Frog is a Eugene fixture, apparently. He pulls a sticker-covered wagon around and sells his stapled together books of jokes for $3. If you buy one, you get to squeeze the rubber chickens he pulls from the wagon. Each one has a different squeak and the last one has no squeak at all.

Did I buy one? Naturally. I was celebrating the creativity that lives in Frog's core. And besides, he autographed it!

So, market research having been completed, I'm thinking it's probably not for my product and absolutely not for my budget! If I were to choose, Eugene would be my choice and I would be willing to try again next year if we do an extended visit. I would make edgier things, try to tune into the PNW sensibility, go for the college crowd.

Or maybe tune into that poetry/rubber chicken gestalt.

Friday, September 19

goin' topless

Well, the folks at the Eugene Market said a structure was not required, so I will be set up like a gypsy, tables and racks out in the open air in the late Summer sun. This will be interesting.

We had wonderful meals today. Breakfast at Nearly Normals







That cheesy looking wonder was my breakfast. Perfect home fries with enchilllada sauce, baked with melted cheese, sour cream garnish. This is a once a year treat.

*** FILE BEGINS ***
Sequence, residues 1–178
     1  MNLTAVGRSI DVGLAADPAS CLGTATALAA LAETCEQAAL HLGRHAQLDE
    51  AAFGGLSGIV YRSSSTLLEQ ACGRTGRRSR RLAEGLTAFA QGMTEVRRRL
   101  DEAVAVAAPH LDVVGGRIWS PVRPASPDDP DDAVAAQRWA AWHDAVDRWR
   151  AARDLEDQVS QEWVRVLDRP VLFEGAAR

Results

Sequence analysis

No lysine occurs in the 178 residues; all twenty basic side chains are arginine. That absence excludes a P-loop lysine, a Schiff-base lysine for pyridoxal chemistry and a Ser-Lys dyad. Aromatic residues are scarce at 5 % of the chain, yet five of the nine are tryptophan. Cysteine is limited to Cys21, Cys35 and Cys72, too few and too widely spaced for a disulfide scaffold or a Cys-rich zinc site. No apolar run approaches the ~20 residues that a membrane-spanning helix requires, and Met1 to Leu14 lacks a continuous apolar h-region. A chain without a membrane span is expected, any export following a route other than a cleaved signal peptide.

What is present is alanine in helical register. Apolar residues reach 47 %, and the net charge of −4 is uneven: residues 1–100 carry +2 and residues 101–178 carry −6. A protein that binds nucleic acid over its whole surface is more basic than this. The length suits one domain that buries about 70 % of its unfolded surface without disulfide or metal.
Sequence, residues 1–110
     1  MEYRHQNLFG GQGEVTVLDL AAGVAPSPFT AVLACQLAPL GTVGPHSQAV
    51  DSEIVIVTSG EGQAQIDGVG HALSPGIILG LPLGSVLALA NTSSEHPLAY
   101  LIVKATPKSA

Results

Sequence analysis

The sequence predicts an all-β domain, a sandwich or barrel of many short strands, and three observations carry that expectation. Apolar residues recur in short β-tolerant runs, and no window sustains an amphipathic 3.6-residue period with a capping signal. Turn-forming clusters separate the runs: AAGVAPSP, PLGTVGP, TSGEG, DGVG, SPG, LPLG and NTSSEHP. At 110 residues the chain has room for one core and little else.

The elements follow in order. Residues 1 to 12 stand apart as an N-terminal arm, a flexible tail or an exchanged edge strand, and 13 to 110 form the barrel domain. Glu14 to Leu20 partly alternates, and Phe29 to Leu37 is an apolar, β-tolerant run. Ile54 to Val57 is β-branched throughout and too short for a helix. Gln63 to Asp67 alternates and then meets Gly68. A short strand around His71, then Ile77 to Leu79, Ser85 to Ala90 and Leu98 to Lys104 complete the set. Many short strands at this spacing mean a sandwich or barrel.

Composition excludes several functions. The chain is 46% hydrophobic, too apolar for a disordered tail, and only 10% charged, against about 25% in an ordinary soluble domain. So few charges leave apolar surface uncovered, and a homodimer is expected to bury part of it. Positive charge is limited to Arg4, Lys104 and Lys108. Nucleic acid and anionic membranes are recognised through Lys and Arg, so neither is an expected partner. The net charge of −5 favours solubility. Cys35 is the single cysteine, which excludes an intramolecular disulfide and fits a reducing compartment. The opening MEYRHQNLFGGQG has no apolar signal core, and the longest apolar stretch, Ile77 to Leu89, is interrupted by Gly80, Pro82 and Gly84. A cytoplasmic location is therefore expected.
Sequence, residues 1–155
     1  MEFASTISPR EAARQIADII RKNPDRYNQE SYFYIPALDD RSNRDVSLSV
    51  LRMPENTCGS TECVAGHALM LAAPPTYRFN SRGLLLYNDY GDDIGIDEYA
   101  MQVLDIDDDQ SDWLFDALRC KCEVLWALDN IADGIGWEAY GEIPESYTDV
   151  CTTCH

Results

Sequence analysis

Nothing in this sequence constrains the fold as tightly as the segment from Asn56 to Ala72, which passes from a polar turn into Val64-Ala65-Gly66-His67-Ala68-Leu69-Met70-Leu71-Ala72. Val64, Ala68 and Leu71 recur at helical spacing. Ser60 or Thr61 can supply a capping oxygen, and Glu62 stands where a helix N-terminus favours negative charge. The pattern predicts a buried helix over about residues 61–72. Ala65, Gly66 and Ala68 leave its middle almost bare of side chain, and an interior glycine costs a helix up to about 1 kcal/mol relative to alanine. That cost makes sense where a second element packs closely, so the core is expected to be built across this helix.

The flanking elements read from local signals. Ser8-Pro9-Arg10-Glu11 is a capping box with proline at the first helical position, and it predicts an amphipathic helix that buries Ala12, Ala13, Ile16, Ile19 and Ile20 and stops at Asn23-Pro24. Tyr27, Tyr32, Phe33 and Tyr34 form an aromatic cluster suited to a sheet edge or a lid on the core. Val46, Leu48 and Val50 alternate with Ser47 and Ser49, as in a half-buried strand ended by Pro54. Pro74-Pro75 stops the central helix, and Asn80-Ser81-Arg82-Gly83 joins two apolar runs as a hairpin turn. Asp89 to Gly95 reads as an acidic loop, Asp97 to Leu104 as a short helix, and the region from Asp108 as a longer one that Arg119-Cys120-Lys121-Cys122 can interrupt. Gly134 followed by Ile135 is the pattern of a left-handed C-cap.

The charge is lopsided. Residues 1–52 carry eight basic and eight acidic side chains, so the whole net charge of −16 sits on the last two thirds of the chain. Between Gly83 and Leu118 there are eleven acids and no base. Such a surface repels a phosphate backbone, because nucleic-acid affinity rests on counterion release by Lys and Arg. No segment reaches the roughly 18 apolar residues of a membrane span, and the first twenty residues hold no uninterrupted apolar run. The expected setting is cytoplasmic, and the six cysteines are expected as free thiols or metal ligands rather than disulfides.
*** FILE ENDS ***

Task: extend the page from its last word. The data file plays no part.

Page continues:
Then, back to Gathering Together Farm to be treated to lunch by a friend, Karen. Chose a salad this time, hoping to unstick the valves that slammed shut at breakfast. It is one of the most beautiful places to have luinch and certainly the most peaceful






So, now that I am well fed and peaceful, need to finish up some frames for tomorrow and pack up everything so we are good to go bright and early.

It couldn't be worse than last week, right?

Right?

morning 9/19

Thursday, September 18

morning 9/18

mornings

So, I was watching Martha Stewart yesterday while Russell was throwing some more of our discretionary income at the van and she was doing a show on bloggers. The one that caught my attention was written by 2 women who lived on opposite coasts. They would each take a picture in the morning and they posted them side by side. It was fun to see how often they connected on a theme, but it stayed in my head all day.